Our waste management brilliance: taking it to the world

One of the early initiators of Edmonton’s world-renowned waste management system is patiently selling our city’s expertise to the world…one small step at a time.

Roy Neehall was there when the vision of a fully integrated waste management system took hold and began growing. He and his colleagues watched it mushroom to the point where the concept of sustainable waste management is woven directly into the community’s attitudinal fabric.

“It’s not just a service the City provides,” he says. “It’s a service we perform with participation of residents, young and old, to achieve a shared goal.”

The fact that we now recycle or reuse nearly 60 per cent of our waste stream is a testament to decades of enlightened political and administrative leadership, Roy says.

“That leadership led directly to the creation in 2013 by City Council of Waste RE-solutions Edmonton – a private corporation 100% owned by the City and overseen by a board of directors,” says Roy.

The company’s mandate is to deliver profitable waste management services to  municipal governments in other countries using what we’ve learned to help them become more environmentally sustainable.

“We aim to design, build and operate facilities with local joint venture partners by relying on our collective expertise in the Waste Management Utility and private sector technology providers,” says Roy.

Roy can see the day when our commitment to starting slowly to build a strong foundation reaps  large amounts of income from profitable joint ventures in many countries.

He knows the demand is there, but he must go slowly at the beginning, since Waste RE-solutions Edmonton has no assets against which to borrow investment funds.

After developing relationships in the private and public sectors in the Chinese city of Lichuan, home to half a million people in a region with a total population of 1 million, the company has signed a joint venture agreement to build a facility to divert various kinds of waste from one of its landfills.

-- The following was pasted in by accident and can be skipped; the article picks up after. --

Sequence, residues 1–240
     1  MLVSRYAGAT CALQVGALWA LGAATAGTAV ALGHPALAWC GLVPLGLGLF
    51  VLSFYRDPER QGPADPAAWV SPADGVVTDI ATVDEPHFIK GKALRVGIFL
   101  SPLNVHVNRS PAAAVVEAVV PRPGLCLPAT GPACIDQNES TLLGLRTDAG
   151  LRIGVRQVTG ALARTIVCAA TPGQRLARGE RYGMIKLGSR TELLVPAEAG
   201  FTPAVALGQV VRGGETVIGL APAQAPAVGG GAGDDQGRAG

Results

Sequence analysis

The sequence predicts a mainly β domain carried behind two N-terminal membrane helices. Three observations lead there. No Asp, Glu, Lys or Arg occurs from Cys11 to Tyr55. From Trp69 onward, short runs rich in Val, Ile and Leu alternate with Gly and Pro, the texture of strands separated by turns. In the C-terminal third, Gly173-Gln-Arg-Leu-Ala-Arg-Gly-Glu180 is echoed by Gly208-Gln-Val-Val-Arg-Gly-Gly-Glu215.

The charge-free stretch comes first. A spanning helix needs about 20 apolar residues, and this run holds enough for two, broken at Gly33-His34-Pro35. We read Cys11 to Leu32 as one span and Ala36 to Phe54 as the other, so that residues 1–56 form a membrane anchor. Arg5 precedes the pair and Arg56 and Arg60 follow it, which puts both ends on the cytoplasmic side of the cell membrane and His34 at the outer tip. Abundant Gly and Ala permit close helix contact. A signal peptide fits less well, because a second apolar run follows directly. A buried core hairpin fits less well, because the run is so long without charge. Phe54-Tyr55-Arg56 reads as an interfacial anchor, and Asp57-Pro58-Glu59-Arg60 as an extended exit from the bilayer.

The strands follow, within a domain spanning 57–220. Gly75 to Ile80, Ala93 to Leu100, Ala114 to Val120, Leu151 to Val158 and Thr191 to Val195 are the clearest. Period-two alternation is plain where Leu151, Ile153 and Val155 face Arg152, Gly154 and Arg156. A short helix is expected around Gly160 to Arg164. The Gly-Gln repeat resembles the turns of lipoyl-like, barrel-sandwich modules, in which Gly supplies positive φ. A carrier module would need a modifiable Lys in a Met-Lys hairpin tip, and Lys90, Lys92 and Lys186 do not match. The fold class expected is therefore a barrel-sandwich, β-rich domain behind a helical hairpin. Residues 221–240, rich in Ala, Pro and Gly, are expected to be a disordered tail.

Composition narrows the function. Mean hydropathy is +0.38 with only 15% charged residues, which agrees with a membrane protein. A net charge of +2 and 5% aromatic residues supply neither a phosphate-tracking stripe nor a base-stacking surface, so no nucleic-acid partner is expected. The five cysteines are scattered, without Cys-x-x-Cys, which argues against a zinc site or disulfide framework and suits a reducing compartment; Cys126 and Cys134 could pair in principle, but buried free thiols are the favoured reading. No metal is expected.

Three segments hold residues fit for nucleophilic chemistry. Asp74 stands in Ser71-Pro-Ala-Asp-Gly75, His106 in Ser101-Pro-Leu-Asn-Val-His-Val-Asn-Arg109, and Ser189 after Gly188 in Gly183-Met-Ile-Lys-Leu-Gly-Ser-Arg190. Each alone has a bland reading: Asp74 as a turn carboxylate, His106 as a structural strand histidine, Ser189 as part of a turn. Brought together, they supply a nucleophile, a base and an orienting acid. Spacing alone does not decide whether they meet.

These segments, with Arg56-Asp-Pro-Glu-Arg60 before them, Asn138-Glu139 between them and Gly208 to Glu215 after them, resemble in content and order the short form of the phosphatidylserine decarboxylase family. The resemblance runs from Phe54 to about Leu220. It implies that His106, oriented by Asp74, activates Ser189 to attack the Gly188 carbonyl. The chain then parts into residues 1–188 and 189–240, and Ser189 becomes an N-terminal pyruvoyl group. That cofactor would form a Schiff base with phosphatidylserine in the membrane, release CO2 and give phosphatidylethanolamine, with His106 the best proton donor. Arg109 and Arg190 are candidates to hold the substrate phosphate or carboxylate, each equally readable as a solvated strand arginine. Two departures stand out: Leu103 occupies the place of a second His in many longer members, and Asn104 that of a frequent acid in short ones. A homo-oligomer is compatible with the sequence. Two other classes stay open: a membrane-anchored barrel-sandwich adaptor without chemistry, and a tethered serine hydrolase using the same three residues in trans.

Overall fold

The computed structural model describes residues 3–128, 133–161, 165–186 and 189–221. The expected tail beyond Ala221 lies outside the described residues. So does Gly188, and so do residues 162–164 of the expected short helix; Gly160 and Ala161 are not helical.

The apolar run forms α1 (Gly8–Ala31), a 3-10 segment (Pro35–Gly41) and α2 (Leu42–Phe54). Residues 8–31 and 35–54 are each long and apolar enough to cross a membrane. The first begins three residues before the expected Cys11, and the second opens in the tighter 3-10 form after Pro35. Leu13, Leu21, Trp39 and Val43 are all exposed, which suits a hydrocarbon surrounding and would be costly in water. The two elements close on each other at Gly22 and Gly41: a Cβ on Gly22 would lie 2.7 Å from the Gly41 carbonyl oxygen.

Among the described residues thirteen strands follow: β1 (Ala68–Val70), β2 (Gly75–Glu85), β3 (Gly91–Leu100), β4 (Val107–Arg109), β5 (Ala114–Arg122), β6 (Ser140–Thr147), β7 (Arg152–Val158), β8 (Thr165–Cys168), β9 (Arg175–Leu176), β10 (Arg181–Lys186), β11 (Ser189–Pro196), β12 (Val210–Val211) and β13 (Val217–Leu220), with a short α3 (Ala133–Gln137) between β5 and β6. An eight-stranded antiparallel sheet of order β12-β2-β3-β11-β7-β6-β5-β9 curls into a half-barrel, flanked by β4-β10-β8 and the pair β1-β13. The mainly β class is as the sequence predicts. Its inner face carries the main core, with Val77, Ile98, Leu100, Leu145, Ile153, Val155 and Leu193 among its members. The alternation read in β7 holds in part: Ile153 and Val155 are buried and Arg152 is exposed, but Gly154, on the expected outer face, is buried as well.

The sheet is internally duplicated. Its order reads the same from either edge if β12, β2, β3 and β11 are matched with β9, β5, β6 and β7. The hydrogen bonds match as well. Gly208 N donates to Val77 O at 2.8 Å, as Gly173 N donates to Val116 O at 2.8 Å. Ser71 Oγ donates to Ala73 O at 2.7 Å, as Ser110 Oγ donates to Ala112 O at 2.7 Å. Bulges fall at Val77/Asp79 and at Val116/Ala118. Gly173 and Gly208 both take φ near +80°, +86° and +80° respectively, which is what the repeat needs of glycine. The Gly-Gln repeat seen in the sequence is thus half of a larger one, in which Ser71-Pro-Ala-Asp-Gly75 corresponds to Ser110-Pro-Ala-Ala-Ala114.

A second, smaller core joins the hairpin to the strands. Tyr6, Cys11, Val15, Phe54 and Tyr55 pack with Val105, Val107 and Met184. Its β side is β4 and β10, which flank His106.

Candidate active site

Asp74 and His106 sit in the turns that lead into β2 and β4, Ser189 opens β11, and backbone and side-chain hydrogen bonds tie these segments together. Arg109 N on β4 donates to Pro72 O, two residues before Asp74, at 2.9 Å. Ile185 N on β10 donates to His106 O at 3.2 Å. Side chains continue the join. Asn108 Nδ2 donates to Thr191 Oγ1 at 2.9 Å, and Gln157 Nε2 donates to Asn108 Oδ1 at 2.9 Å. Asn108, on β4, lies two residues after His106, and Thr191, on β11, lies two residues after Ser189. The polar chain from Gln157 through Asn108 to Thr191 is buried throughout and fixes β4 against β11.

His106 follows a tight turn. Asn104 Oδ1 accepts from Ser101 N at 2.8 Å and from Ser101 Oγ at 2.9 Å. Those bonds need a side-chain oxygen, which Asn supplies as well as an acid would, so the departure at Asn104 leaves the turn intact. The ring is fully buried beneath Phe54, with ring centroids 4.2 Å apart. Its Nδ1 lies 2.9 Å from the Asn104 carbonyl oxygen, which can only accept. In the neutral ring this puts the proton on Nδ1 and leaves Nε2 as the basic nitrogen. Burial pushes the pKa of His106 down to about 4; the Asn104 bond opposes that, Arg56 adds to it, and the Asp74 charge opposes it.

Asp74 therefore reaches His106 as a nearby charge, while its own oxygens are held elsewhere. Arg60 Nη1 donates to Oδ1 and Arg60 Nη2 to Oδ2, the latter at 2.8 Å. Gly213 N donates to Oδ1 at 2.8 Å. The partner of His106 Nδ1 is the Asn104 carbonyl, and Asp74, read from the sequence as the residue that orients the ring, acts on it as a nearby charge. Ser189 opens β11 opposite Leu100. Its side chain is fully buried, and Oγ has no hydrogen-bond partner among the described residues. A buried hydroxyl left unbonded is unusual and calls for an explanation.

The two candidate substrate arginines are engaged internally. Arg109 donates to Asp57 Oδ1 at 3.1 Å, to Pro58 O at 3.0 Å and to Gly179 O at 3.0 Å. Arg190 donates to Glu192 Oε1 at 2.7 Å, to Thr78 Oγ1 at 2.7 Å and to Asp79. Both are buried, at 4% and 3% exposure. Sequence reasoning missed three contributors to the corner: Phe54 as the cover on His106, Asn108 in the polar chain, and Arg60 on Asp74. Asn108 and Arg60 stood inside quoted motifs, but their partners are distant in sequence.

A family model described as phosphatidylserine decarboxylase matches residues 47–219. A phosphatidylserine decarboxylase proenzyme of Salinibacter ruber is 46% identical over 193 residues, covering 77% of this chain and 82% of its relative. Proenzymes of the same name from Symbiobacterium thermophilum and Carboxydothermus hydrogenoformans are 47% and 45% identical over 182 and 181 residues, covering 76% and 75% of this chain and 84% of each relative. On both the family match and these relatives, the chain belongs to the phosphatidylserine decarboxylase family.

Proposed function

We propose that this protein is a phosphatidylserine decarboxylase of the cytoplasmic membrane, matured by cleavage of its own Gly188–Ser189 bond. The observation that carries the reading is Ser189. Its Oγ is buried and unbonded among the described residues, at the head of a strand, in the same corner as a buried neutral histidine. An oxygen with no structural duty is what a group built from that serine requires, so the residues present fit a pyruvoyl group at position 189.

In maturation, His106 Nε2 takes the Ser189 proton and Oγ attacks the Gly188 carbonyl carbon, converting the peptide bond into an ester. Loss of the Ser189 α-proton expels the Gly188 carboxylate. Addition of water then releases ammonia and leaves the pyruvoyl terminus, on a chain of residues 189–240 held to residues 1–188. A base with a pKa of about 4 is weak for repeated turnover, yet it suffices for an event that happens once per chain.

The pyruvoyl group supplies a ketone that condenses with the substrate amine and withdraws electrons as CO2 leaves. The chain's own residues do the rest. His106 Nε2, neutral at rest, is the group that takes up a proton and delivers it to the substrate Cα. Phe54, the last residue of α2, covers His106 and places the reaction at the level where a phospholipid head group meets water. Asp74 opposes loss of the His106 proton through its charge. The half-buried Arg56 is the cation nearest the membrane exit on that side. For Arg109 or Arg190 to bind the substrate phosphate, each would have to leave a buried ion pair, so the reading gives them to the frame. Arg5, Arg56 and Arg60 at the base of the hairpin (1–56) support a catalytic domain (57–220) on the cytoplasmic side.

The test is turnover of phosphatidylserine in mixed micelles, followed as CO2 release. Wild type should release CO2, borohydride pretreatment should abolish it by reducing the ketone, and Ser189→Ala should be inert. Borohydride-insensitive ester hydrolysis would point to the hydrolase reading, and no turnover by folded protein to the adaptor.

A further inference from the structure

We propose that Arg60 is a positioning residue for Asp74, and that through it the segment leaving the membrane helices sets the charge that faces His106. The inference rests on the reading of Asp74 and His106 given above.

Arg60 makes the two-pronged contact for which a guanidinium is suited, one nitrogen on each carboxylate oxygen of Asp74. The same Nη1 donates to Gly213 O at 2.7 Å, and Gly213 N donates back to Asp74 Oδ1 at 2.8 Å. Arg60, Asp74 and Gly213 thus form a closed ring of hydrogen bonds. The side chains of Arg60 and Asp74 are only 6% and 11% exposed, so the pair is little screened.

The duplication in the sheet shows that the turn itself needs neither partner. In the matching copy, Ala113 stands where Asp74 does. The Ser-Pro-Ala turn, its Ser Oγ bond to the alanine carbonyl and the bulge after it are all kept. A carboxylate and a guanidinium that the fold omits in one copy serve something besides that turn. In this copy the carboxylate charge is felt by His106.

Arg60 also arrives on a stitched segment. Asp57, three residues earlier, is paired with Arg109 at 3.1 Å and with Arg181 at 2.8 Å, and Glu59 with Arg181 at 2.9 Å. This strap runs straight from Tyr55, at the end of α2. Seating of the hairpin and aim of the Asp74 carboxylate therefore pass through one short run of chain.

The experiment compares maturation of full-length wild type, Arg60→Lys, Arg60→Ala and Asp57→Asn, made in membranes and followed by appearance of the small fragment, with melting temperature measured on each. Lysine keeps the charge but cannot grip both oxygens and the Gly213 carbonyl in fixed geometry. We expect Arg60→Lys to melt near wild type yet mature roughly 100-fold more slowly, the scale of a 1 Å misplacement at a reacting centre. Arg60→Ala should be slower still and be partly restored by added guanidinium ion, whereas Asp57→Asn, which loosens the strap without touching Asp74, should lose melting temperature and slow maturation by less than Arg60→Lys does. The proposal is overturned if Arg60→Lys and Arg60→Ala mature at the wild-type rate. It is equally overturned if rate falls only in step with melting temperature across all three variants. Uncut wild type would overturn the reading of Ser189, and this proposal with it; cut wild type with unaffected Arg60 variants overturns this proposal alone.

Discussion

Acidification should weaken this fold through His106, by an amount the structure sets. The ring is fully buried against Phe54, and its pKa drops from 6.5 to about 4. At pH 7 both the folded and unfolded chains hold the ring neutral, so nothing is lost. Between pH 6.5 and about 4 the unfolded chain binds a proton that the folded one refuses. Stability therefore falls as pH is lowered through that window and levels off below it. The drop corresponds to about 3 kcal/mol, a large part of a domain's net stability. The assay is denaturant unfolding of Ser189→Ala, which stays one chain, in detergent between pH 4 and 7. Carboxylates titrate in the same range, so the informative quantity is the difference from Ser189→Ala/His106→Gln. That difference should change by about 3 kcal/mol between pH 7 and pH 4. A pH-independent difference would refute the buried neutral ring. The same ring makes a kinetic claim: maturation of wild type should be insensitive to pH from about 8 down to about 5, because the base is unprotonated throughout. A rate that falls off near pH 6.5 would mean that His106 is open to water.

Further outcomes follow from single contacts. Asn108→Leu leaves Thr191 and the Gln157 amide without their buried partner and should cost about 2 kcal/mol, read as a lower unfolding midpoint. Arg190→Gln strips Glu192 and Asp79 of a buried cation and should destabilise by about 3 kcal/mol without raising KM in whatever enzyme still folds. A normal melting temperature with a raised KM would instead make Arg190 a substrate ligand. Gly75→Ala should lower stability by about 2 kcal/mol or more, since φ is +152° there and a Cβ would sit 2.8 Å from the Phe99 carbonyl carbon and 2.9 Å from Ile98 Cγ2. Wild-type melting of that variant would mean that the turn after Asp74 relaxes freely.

“We’ll be extracting recyclables and producing both biogas (methane) and soil enhancement fertilizer from the waste stream,” he says.

“The reason it takes some time to get to the development stage of projects in China is because of their need to develop trust in business partners well before business is done. That means frequent visits and much discussion, over time. However, it pays dividends in the pace with which facilities can be built and put into operation,” he says.

With backup support from his single employee, utility and other City staff as well as the president and board of directors, Roy is working on joint venture opportunities elsewhere in China. He has also initiated a marketing assessment of Central and South America, where municipal governments are becoming more focused on environmental initiatives with support from international lending agencies.

Roy says working with Waste Management Services for so many years was a great help to him in running the new City-owned corporation.

“Waste Management Services operates very professionally, and many of the ways it operates are similar to private business.

“The difference with Waste RE-solutions Edmonton, is that we’re delivering our expertise in very different cultures.”

Roy is looking forward to the day when the company develops strong cash flow and begins making large enough profits to enable both contributions to the City and re-investment in the corporation.

“The sky is the limit, but for now we have to walk slowly,” he says.